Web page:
REVG. CNQ and PTR have slightly exceeded or maintained their core of revenue growth, while SSL has shifted downwards to a greater extent over the period to its most recent fiscal year end.

Chart 6. Dividends + Debt Service

A more comprehensive analysis of coverage requires examination of debt service, detailed in this section. Debt Service is the sum of principal and interest on debt obligations. Adding debt service onto dividends may result in significantly different conclusions about dividend coverage capacity since both compete for limited company funds, with debt service typically being contractual. The chart below shows the relative performance of the firms when coverage is estimated for dividends and debt service combined; the centrality is represented by zero. All firms appear to fall considerably short in coverage capacity; see note and qualifications below for further details.

Note: CNQ’s current portion of long-term debt as of FY 2018 was significantly lower than for its scheduled future maturities beyond FY 2018: In particular, debt maturities of 1476 for FY 2018 rise to 5996 for FY 2019.To ignore this large discrepancy in the subsequent fiscal year arguably understates the extent of the company’s debt obligations. Therefore, an intermediate estimate averaging the two fiscal years’ debt maturity figures (FY 2018 and FY 2019) was used instead for a more representative debt service figure.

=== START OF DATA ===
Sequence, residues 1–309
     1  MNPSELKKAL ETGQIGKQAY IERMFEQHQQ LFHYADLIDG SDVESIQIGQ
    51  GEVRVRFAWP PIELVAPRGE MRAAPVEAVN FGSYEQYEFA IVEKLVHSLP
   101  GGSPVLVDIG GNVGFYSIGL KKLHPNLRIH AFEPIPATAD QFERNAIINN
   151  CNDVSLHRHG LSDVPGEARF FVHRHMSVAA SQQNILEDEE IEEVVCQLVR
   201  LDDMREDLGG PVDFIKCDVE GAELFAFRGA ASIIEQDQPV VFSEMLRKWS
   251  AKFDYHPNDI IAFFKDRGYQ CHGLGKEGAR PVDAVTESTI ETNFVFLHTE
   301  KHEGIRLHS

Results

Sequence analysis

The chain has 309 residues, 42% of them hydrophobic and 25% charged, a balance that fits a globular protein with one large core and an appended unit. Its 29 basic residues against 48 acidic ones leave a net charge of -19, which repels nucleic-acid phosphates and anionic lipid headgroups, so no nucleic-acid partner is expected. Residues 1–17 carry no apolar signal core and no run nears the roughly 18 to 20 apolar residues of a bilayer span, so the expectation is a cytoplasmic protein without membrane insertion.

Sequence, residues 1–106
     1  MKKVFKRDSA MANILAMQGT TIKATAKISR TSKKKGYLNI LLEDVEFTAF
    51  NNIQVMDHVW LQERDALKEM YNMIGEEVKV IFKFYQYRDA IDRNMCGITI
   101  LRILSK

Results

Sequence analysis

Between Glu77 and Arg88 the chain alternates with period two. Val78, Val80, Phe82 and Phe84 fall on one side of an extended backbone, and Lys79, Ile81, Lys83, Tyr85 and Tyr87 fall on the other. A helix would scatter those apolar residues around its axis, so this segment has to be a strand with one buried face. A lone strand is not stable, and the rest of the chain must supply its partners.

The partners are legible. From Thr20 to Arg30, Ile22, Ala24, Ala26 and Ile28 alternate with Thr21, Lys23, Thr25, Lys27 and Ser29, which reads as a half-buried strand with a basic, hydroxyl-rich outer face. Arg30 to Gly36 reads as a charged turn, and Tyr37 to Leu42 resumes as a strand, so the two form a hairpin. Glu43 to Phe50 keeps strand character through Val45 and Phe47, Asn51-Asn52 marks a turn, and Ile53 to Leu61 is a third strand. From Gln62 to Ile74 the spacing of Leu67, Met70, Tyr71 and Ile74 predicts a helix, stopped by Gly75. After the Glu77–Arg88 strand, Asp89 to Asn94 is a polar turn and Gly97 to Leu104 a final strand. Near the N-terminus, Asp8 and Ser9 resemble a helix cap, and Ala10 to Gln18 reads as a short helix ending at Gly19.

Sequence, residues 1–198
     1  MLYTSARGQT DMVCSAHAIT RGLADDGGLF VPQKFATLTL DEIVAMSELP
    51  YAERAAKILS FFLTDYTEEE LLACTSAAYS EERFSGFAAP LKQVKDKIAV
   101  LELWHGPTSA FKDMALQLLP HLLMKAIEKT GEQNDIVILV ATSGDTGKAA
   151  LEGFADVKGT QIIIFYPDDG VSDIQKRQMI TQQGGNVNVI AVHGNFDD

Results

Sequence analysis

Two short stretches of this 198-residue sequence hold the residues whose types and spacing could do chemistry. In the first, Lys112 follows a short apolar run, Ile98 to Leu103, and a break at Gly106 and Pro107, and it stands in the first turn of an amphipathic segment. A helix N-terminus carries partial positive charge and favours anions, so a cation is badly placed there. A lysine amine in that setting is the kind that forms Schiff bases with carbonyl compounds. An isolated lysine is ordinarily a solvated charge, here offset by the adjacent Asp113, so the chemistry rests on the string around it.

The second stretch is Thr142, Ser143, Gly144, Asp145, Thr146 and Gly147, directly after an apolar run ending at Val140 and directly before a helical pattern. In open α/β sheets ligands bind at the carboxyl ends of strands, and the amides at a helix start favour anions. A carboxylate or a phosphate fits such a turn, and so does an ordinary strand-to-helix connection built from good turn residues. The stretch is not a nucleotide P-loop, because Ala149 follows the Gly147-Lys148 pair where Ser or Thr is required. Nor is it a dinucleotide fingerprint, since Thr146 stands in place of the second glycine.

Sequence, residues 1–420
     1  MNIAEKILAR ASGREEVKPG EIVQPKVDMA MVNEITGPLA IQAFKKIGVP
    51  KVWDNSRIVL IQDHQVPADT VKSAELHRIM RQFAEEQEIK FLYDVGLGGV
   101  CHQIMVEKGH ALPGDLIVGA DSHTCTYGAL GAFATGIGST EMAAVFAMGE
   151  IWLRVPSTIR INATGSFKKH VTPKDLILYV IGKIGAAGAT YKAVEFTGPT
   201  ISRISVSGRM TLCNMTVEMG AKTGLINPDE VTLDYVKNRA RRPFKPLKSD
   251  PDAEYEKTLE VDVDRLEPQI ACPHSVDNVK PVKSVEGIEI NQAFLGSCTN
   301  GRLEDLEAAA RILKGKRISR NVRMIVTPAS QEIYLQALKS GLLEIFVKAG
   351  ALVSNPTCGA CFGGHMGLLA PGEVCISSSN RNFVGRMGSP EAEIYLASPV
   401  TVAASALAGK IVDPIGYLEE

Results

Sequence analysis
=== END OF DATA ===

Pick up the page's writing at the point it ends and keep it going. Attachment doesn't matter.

1. Chart 1. Dividend coverage may not be comparable across firms: For example, the ratio of dividends to revenues for CNQ, PTR and SSL as of FY 2018 was approximately 7%, 1.8% and nearly zero, respectively.
  2. The basis for comparison between firms is less uniform due to the 6-month lag between the fiscal year ends of SSL and the other two firms. Also note that the financial information for SSL is for FY 2018, not FY 2019 (see next comment regarding the delay).
  3. SSL’s financial statements are typically released in August. For fiscal year ending 6/30/19, there has been a delay as stated in the company’s SEC Form 6-K Report of Foreign Private Issuer. According to the report, the financial statements for FY 2019 are expected to be released by the end of October 2019.
  4. See the Note with Chart 6 regarding CNQ’s current portion estimate.
  5. Due to the author’s incomplete dataset for CNQ, there was a single missing observation for FY 2007 revenue growth. Therefore, an estimate was generated from the average of all subsequent fiscal years to FY 2018.

Methodology and other details are consolidated in a separate post titled Dividend Coverage Roundup: Background Notes, referenced in the Author’s page. For more recent analyses, a default assumption of fat tails is generally made in favor of higher-ranking distributions for reasons detailed in the methodology.

Financial Visualizations. For selected 3D stylized and other sketches of underlying theoretical models of selected companies, see the author’s page for links; given the qualifications and shortcomings, at the very least it is hoped that such models might be appreciated for their aesthetic value.

The author may also hold positions in securities of companies, including through ETFs, that are covered herein. The discussion and any visuals may contain significant errors, are subject to revisions and are provided 'as is' solely for informational purposes, not for trading or investment advice. This preliminary analysis is exploratory; no claims are made as to the validity of data, assumptions, theoretical models and methodologies; results may be based on prior data that do not reflect the most current market events.